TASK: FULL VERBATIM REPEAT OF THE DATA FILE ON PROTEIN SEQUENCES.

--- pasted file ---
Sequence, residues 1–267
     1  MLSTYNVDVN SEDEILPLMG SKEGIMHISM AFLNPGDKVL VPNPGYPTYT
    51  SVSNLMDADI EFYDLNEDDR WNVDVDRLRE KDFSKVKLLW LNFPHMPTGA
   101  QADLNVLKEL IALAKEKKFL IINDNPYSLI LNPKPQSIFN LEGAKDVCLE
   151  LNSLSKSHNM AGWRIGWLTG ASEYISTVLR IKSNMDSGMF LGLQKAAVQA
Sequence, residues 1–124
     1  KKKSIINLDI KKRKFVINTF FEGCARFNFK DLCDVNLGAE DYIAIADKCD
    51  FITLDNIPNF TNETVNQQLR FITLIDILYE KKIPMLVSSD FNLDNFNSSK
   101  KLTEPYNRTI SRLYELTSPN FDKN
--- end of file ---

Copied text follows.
Sequence, residues 1–267
     1  MLSTYNVDVN SEDEILPLMG SKEGIMHISM AFLNPGDKVL VPNPGYPTYT
    51  SVSNLMDADI EFYDLNEDDR WNVDVDRLRE KDFSKVKLLW LNFPHMPTGA
   101  QADLNVLKEL IALAKEKKFL IINDNPYSLI LNPKPQSIFN LEGAKDVCLE
   151  LNSLSKSHNM AGWRIGWLTG ASEYISTVLR IKSNMDSGMF LGLQKAAVQA
Sequence, residues 1–124
     1  KKKSIINLDI KKRKFVINTF FEGCARFNFK DLCDVNLGAE DYIAIADKCD
    51  FITLDNIPNF TNETVNQQLR FITLIDILYE KKIPMLVSSD FNLDNFNSSK
   101  KLTEPYNRTI SRLYELTSPN FDKN